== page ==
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Some Brief Reflections on Technology, Cinema, and the Postcolonial Uncanny
Pacific Coast Philology
Vol. 50, No. 2, Special Issue: Familiar Spirits (December 2015), pp. 198-208
Published by: Penn State University Press on behalf of the Pacific Ancient and Modern Language Association (PAMLA)
Stable URL: http://www.jstor.org/stable/10.5325/pacicoasphil.50.2.0198
Page Count: 11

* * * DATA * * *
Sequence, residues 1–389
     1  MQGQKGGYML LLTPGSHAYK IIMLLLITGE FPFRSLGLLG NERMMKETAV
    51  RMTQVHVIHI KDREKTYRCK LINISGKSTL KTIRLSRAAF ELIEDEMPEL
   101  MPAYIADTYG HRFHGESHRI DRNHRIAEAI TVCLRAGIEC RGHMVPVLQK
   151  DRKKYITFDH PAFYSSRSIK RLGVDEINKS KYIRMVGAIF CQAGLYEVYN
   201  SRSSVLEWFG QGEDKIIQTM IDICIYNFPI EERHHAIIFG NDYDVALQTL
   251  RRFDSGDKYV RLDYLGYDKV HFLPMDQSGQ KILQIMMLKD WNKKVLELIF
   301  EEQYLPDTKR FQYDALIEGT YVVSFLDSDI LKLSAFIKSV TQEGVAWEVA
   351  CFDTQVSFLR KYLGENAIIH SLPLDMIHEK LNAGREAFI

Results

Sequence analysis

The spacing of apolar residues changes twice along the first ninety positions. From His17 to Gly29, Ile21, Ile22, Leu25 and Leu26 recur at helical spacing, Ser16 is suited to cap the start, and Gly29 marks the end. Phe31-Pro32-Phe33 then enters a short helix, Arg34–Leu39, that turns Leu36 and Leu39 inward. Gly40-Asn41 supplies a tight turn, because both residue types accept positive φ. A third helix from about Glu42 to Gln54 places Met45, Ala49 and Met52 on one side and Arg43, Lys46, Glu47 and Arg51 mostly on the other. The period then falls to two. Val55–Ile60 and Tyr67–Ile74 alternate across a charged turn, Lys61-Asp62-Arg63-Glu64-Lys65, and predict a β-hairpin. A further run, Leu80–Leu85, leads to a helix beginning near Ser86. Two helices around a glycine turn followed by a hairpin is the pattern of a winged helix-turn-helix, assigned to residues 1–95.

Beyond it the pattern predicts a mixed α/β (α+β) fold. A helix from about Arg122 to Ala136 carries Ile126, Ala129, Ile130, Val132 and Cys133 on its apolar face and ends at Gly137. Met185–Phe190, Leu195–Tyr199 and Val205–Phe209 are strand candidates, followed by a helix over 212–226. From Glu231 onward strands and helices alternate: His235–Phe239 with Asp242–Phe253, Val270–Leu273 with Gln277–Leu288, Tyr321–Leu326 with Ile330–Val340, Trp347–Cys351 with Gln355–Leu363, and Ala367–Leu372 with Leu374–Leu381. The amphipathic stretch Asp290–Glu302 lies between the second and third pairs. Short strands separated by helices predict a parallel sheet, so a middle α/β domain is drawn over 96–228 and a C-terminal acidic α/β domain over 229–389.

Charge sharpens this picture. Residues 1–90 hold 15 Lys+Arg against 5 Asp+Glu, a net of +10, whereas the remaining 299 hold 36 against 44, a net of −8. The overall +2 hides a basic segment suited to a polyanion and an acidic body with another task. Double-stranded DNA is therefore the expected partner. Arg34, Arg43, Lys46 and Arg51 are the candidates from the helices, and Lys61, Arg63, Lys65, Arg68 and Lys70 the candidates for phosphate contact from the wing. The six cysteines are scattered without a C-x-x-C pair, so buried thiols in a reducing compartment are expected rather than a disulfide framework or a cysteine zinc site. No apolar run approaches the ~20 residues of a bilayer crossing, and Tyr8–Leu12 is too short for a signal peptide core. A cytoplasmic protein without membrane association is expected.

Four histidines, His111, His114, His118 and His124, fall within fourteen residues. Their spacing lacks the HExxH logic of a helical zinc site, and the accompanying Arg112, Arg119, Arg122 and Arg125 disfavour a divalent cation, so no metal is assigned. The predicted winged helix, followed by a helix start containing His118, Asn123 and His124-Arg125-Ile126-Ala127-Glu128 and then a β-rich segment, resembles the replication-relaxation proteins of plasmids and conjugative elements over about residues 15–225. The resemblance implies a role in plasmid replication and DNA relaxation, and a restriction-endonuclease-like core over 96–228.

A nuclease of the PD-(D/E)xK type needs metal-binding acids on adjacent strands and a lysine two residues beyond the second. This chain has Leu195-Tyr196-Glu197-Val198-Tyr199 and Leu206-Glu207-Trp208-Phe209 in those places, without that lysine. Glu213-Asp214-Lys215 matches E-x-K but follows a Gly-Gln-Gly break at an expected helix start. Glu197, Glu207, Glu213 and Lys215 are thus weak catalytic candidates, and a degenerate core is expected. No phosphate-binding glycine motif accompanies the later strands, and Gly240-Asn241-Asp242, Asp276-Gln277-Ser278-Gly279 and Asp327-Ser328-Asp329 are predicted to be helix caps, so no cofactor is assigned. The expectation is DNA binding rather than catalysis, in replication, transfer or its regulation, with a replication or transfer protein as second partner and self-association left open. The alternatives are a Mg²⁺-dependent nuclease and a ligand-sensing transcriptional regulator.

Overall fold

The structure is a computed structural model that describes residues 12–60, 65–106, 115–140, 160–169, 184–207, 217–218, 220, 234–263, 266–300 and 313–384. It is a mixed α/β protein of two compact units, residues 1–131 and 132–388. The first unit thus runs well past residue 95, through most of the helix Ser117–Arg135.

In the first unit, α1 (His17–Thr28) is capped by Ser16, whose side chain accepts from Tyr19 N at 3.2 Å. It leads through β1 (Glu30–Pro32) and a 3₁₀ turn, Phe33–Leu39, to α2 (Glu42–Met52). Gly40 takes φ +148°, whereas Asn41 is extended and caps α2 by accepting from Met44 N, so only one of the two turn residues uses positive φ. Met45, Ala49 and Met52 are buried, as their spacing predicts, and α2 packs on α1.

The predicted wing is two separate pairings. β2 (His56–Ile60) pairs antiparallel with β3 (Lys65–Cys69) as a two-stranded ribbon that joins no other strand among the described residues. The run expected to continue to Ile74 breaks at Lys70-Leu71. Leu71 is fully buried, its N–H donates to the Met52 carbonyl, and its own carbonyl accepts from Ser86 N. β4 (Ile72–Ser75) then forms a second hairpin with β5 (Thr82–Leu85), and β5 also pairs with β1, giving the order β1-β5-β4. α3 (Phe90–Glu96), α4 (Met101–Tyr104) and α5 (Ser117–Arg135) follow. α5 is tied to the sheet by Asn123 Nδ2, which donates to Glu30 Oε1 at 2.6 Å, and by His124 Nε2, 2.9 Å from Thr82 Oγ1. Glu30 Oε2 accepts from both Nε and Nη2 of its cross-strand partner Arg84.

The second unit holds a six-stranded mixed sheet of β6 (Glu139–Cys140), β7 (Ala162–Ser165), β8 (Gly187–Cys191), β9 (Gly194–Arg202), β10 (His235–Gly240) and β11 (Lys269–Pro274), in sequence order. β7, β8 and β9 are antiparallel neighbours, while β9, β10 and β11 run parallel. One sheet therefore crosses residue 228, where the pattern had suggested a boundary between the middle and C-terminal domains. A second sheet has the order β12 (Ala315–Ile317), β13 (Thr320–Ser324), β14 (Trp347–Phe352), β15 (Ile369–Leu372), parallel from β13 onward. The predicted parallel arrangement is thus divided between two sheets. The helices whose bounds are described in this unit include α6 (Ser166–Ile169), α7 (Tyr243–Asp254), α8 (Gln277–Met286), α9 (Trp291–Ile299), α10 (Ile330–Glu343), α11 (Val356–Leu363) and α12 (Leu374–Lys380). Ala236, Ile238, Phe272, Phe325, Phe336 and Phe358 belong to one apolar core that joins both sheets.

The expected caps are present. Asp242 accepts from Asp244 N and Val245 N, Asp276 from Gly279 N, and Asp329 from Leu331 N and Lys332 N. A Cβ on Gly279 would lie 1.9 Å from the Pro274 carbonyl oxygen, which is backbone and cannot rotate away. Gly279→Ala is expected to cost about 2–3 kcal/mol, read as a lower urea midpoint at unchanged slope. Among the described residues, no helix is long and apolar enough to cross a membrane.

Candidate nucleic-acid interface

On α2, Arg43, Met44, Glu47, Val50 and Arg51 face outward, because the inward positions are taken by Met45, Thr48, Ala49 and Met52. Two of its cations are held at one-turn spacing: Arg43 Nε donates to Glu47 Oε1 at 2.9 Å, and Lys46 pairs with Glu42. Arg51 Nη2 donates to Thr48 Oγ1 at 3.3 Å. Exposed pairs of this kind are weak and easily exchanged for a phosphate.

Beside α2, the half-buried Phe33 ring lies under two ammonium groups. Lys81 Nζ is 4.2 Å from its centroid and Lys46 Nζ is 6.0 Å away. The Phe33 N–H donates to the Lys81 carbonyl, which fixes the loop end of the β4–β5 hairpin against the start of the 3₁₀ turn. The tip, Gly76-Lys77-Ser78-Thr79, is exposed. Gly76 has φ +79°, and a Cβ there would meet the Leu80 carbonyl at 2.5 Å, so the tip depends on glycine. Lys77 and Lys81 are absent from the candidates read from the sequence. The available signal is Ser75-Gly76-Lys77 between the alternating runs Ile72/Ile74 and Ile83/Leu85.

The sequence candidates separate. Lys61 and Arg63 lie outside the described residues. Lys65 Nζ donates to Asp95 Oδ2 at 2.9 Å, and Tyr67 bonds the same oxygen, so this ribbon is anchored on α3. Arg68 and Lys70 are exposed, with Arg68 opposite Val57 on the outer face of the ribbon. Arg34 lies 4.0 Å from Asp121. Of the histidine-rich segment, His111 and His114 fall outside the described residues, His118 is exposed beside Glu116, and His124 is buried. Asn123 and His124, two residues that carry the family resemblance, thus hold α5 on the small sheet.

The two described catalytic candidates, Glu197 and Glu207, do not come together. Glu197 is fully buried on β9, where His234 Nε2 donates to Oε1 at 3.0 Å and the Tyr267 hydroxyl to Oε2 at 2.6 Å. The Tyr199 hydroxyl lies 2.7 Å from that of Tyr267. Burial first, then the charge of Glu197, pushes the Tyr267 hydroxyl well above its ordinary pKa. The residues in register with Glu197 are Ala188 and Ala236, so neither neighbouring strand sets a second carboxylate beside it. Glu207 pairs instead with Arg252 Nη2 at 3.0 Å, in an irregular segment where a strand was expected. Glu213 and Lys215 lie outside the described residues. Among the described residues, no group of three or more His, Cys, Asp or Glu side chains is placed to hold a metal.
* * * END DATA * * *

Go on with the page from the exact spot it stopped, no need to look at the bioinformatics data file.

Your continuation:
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This article is interested in understanding how an aesthetics shaped by postcoloniality both draws on and reveals anew the uncanny relation of sound to the image in cinema. If postcoloniality is structured by a desire for synchronicity, and technology is viewed as a means to this end, synchronization has typically been the ideal of film sound. Thus an examination of some postcolonial uses of film sound affords us the uncanny pleasures of exploring the reality of one phenomenon through the technology of another. Two examples are taken from Indian cinema—first, how Satyajit Ray's internationally renowned Pather Panchali (1955) conceives of technology as development by embracing a mode of sonic realism unprecedented in Indian cinema. In so doing, he not only proposes an alternative to the uncanny assembling of technology and representation that characterizes Indian cinema but also suggests that the aesthetic of realism can mitigate anxieties of postcolonial doubling. The second instance is taken from Ashim Ahluwalia's self-described science-fiction documentary John and Jane (2005), an exploration of Indian call centers. Once again, the relation of sound and image in this film allows us to intuit how the postcolonial uncanny mutates in the era of global electronic technology.
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